Trawlers damaging coral: Greenpeace -Greenpeace says it has obtained pictures of a bottom-trawling fishing boat hauling up huge chunks of coral from the ocean floor near Norfolk Island.
The images disproved claims bottom-trawling nets could fly over the surface of the sea floor without damaging the ecosystems, the environmental group said.
The group’s website shows large pieces of red coral up to two metres long being removed from the New Zealand boat’s nets.
Greenpeace oceans campaigner Carmen Gravatt said the endangered black and red corals were pictured being hauled aboard a bottom trawler in international waters by the group’s flagship, Rainbow Warrior.
Ms Gravatt said the federal government was yet to support global moves for a moratorium on bottom trawling.
“Again and again, we have caught the bottom-trawling industry red-handed with the evidence of deep-sea destruction in their nets,” Ms Gravatt said in a statement.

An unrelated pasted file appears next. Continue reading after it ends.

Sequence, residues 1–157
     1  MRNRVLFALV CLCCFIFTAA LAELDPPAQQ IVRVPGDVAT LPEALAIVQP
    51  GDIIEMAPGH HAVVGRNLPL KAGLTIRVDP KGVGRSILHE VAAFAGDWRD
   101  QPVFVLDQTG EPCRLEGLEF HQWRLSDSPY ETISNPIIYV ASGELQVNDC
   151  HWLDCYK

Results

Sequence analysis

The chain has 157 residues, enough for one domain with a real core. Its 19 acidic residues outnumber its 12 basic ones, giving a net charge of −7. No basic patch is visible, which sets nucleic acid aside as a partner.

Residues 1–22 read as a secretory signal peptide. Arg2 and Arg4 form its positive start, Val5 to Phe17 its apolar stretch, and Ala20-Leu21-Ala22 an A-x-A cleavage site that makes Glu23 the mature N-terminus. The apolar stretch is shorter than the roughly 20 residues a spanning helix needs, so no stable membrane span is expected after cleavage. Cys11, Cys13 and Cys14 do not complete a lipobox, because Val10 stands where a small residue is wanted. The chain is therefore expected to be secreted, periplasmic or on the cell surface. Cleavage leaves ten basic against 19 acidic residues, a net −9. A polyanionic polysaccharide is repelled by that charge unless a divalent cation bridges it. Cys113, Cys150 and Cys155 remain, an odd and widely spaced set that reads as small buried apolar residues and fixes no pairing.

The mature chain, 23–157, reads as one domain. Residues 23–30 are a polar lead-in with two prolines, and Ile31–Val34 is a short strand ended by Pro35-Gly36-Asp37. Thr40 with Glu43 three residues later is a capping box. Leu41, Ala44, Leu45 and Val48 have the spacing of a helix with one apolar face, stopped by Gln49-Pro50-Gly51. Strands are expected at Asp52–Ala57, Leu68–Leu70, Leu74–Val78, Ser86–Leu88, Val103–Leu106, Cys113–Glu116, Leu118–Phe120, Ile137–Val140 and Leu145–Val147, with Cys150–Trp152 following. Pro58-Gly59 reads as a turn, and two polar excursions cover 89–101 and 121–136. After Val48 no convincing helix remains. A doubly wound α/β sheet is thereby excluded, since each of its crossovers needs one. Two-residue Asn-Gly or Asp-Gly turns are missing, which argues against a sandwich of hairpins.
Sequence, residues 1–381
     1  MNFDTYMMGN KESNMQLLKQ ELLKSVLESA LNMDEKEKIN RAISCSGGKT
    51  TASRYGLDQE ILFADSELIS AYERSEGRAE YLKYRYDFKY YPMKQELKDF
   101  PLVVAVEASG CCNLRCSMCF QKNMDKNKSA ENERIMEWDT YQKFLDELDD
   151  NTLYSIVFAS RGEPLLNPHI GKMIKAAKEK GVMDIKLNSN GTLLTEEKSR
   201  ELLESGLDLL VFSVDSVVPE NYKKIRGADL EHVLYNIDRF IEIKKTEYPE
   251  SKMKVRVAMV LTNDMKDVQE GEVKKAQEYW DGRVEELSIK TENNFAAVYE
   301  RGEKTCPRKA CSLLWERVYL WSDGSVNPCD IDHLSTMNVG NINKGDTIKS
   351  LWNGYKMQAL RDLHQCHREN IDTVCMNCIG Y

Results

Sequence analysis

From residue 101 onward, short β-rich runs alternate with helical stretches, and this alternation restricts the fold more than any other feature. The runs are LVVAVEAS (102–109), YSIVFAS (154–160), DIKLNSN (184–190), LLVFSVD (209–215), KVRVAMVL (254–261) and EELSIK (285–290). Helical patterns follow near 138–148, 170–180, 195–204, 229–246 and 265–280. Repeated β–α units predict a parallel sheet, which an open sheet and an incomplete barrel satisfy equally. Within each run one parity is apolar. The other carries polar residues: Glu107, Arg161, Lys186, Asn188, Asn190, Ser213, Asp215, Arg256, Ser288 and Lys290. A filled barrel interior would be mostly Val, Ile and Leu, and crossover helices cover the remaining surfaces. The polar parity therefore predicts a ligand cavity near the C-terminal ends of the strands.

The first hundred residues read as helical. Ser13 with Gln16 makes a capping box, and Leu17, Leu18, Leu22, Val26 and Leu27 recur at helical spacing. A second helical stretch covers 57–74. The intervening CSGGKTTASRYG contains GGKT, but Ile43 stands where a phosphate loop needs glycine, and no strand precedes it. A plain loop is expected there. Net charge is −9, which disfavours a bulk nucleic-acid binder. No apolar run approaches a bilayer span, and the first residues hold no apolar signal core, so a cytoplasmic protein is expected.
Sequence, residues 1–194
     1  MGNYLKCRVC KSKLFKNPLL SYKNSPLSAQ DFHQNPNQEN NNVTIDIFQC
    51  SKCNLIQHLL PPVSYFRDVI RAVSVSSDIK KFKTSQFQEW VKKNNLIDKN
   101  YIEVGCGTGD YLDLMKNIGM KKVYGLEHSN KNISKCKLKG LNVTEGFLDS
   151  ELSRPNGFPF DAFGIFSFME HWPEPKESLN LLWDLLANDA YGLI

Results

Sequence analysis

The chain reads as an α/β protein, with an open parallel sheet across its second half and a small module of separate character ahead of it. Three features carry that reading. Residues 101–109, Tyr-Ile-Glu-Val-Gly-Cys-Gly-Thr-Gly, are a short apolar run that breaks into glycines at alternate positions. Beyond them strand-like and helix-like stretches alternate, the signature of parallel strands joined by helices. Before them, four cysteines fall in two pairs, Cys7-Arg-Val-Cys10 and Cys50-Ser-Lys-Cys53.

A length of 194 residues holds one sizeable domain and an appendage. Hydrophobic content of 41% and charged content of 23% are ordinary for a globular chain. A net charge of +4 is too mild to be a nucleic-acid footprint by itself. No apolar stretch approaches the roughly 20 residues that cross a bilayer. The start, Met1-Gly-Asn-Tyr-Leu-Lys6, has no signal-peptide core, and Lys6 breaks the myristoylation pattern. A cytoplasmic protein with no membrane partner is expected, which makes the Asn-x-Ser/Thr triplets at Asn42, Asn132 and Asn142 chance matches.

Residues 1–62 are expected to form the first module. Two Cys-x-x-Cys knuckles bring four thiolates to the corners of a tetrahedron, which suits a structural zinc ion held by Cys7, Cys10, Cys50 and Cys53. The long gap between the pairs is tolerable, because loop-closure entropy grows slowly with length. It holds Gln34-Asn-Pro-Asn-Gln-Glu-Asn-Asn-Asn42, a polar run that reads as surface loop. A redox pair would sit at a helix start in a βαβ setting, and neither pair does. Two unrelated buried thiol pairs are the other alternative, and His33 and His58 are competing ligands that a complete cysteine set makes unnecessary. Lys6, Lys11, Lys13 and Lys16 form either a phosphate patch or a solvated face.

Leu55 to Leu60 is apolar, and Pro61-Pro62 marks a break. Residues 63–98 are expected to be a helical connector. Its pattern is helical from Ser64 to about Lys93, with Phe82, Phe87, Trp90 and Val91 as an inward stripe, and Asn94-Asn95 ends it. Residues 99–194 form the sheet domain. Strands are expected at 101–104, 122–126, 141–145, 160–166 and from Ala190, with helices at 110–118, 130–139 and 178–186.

“How many more pictures of clear-felled coral forests do governments need to see before they recognise that a moratorium on bottom trawling in international waters is urgently needed?”
AdvertisementShe said the nets were on the Waipori, owned by the Tasman Pacific company, and seemed to have few fish but many pieces of the corals.
Ms Gravatt said Greenpeace also filmed a range of bottom dwelling species in the haul, including a rare crab of the Paralomis family.
The images were taken on Sunday on the West Norfolk Ridge, just over 200 nautical miles off the coast of northern New Zealand.
“A scientific expedition in 2003 identified this region as a ‘biodiversity hotspot’,” Ms Gravatt said.
Auckland University of Technology research fellow Dr Steve O’Shea said the area had been described as a marine Jurassic Park, with ancient species as old as dinosaurs